Through September 2013, implementing Summer Advantage will cost Entergy $5 million — a cost that, as of July 2012, has been passed along to customers as the "Energy Efficiency Cost Rate Rider" detailed on each bill. (For most customers, it averages $2.11 a month, according to Entergy.) Entergy Arkansas has 16 different efficiency programs, all of which are paid for in part by the consumer, and all of which have been approved by the Arkansas Public Service Commission.
According to David Lewis, another Entergy representative, high demand loads can sometimes cause transformer failures, which may result in rolling outages lasting half an hour at a time and affecting a few thousand customers. "It is very unusual to have to take this step, like maybe once every few years. This has happened once that I know of this summer, in the Stuttgart area June 29," he said via e-mail.
There's a Summer Advantage hotline to address customer questions. According to a hotline representative, customers who choose to enroll in Summer Advantage can opt out at any time and receive a pro-rated rebate. "We put the serial number on a list so that when we send out a radio signal, there's a group of houses that aren't affected. We just add that one to the group that isn't affected. ... If we need to remove it [the DCU] we can, but it doesn't end up being necessary," the representative said. Entergy's plan is to leave the DCU in place, so that next summer it can be used again if the resident chooses.
One heat and air company said the DCUs should have no negative effects on the life of an A/C unit. According to a Middleton Heat and Air customer service agent, more frequent cycling does not harm the unit, nor will the DCUs invalidate the warranty on a unit purchased from Middleton.
Entergy addresses the comfort question on its website: "During this time [a conservation event], the temperature may rise a few degrees but, if you're like most customers in similar programs, it's unlikely you'll notice the change."
(But in July 2011, just after the start of the Pennsylvania-based PECO utility's similar program, the "Upper Southampton Patch" noted that the temperature inside at least one home rose 7 degrees.)
Entergy studied similar compressor cycling programs, including those of the Public Service Company of New Mexico, Georgia Power, Gulf Power and Rocky Mountain Power, before designing its Summer Advantage. According to Entergy, 30 U.S. utilities with more than four million residential customers use a similar program.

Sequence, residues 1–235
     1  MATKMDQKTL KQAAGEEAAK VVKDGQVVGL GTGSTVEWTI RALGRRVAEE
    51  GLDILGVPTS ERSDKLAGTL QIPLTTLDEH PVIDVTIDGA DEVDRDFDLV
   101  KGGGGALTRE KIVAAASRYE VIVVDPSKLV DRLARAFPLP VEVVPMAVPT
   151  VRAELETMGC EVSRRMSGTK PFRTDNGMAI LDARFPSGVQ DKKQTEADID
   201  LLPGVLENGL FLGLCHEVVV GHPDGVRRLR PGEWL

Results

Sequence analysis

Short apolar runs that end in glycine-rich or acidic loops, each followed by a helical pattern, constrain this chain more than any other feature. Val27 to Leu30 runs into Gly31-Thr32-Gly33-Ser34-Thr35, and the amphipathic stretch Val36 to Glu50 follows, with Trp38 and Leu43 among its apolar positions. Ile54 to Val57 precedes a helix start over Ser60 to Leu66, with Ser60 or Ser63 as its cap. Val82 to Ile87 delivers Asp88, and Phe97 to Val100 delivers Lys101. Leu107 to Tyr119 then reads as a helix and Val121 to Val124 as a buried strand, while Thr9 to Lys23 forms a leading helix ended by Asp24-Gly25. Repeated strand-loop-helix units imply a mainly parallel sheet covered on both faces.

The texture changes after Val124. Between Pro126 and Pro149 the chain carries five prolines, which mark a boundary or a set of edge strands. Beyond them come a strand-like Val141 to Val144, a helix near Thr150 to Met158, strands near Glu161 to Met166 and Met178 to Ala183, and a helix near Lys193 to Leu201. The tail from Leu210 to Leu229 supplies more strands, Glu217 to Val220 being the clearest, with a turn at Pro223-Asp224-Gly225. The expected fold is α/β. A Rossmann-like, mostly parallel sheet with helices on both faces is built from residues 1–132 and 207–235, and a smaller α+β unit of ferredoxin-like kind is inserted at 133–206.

Since 2003, Rocky Mountain Power, which supplies most of Utah's power, has been using a voluntary compressor cycling program open to both residential and business customers. One hundred thousand customers are currently enrolled, with 115,000 control devices in place. The extra 15,000 are attributed both to drop-outs and businesses with multiple units and devices. According to Jeff Hymas, a spokesperson for the company, "Participation has increased every year since its inception in 2003. Currently, the number of participating customers remains steady, and we're not seeing the same growth as in past years." In March 2010, the Utah legislature passed a bill that, among other things, would have made enrollment in this compressor cycling program mandatory. Two weeks after it passed, the governor vetoed the bill.
When Entergy has 3,000 DCUs installed in Arkansas, it will began to remotely cycle the registered compressors. By the end of 2012, Entergy expects to have 10,000 participating customers. "This program's cost effectiveness analysis demonstrates net benefits, on a per kWh basis, are about two times better than the cost of building generation facilities to provide summer peak energy in Arkansas," Munsell said.